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TBR Staff

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TBR News Media covers everything happening on the North Shore of Suffolk County from Cold Spring Harbor to Wading River.

Photo by Jim Harrison/SBU Athletics

The Stony Brook Athletic Department held its annual awards ceremony, “The Wolfies” on May 13 in the Island Federal Arena and several student-athletes received hardware.

The 2019 Senior Athletes of the Year were Ryland Rees (Port Coquitlam, British Columbia) of men’s lacrosse and Shania Johnson (Frederick, Md.) of women’s basketball.

The 2019 Junior Athletes of the Year were baseball’s Nick Grande (Smithtown) and women’s lacrosse Ally Kennedy (North Babylon).

Track and field’s Luke Coulter (Jamesport) and women’s soccer Sofia Manner (Helsinki, Finland) took home Sophomore Athlete of the Year honors.

The 2019 Freshman of the Year honors went to Miles Latimer (Fairfax, Va.) of the men’s basketball team and Jamie Wei (Chiayi City, Taiwan) of women’s tennis.

Senior Michael Thompson (Wallkill) of track and field and senior Ana Carrion-Rodriguez (La Linea, Spain) of women’s tennis were the winners of the Male and Female Senior Scholar-Athlete awards.

Sophomore TJ Morrison (Yonkers) from football and senior Julie Johnstonbaugh (Neshanic Station, N.J.) of women’s soccer were presented the Athletic Director’s award by Stony Brook Director of Athletics Shawn Heilbron for their embodiment of Stony Brook Athletics’ ideals and core values.

A brand new award in 2019, redshirt sophomore Andrew Garcia (Harlem) won the Comeback Athlete of the Year award. After sitting out from playing competitive basketball for two years, he came back to play in all 33 games this season, averaging 22 minutes per contest. At the end of it all, he earned America East Sixth Man of the Year honors.

The Male and Female Danni Kemp Teammate award, was given to student-athletes nominated by their teammates. The award is named in honor of Danni Kemp, the softball student-athlete who passed away in 2017 from brain cancer. Her parents, Cliff and Melinda Kemp, presented the awards on Monday night to senior Chris Pedone (Port Jefferson Station) of men’s lacrosse and sophomore Danielle Petrovich (Cortlandt Manor) of softball.

Senior Darian Sorouri (Wilmington, Del.) of track and field and graduate student Emily Costello (Webster) received the Seawolves Impact award. These honors are given to a student-athlete who has demonstrated exceptional contributions to his or her sport on the playing surface as well as within the campus and community.

Another new award in 2019, the Noah Farrelly Spirit of the Seawolf award, is given to a male and female student-athlete who exemplifies the passion and pride for their Stony Brook Athletics experience that Noah felt in his short time here. The winners were Carrion-Rodriguez of women’s tennis and junior Cameron Avery (Christchurch, New Zealand) of cross country/track and field.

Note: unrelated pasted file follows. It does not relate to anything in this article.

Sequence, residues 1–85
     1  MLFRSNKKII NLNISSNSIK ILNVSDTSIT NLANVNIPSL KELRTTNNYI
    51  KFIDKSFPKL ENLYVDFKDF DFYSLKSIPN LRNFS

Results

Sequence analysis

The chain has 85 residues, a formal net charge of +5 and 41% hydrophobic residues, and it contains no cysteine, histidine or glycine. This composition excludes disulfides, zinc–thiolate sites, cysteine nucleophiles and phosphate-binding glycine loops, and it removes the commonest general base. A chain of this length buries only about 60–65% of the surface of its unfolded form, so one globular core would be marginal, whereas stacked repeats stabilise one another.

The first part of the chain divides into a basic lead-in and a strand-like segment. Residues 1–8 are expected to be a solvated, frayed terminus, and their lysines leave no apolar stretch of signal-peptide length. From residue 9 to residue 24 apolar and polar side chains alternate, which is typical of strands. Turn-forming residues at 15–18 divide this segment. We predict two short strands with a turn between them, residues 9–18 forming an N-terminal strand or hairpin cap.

Junior Sam Kamara (Carteret, N.J.) of football and senior Katelyn Corr (Suffield, Conn.) of softball received the male and female NSCA All-American award. The award recognizes an individual’s athletic accomplishments and their dedication to strength and conditioning.

May Garwin. Photo from Suffolk County Police Department

Suffolk County Police 6th Squad detectives are seeking the public’s help to locate an East Setauket woman, May Garwin, who was reported missing last week.

A relative of Garwin reported her missing to police May 26. The relative said she last saw the missing person April 4 at Garwin’s home, located at 5 Hansom Lane. Garwin is 36 years old, 5 feet 5 inches tall, approximately 130 pounds with brown hair and brown eyes. She has no previously reported mental or physical health issues.

Garwin’s vehicle was impounded by the New York Police Department on May 6 after it was parked illegally on Schermerhorn Street in Brooklyn.

Detectives are asking anyone with information on Garwin’s location to call 911 or the 6th Squad at 631-854-8652.

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Two thrilling overtime games send Virginia and Duke to lacrosse championship weekend

By Robert Earl Pszybylski

Robert Earl Pszybylski, a sophomore at Ward Melville High School, attended the NCAA Men’s Lacrosse Championship quarterfinals May 18 at the James M. Shuart Stadium at Hofstra University in Hempstead. The 15-year-old budding photographer captured the action shots in the photo gallery above.

The Cavaliers of Virginia University and the Blue Devils of Duke University punched their ticket to Philadelphia in front of a crowd of more 8,000 fans Saturday, May 18 at James M. Shuart Stadium, Hofstra University in Hempstead. With both games requiring overtime to determine a winner, these quarterfinal games had fans on the edge of their seats until the final whistle blew.